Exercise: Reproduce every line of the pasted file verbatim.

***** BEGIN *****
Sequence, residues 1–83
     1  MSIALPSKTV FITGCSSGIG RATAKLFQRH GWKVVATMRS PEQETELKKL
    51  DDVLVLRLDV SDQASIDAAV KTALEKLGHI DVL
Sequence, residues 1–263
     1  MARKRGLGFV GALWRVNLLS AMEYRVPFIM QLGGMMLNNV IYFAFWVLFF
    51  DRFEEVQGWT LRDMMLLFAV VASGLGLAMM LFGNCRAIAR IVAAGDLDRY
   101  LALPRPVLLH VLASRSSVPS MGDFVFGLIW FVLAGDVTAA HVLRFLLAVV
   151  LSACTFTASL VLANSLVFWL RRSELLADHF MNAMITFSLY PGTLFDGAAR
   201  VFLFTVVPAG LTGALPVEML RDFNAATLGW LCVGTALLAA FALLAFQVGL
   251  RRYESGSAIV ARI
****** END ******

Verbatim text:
Sequence, residues 1–83
     1  MSIALPSKTV FITGCSSGIG RATAKLFQRH GWKVVATMRS PEQETELKKL
    51  DDVLVLRLDV SDQASIDAAV KTALEKLGHI DVL
Sequence, residues 1–263
     1  MARKRGLGFV GALWRVNLLS AMEYRVPFIM QLGGMMLNNV IYFAFWVLFF
    51  DRFEEVQGWT LRDMMLLFAV VASGLGLAMM LFGNCRAIAR IVAAGDLDRY
   101  LALPRPVLLH VLASRSSVPS MGDFVFGLIW FVLAGDVTAA HVLRFLLAVV
   151  LSACTFTASL VLANSLVFWL RRSELLADHF MNAMITFSLY PGTLFDGAAR
   201  VFLFTVVPAG LTGALPVEML RDFNAATLGW LCVGTALLAA FALLAFQVGL
   251  RRYESGSAIV ARI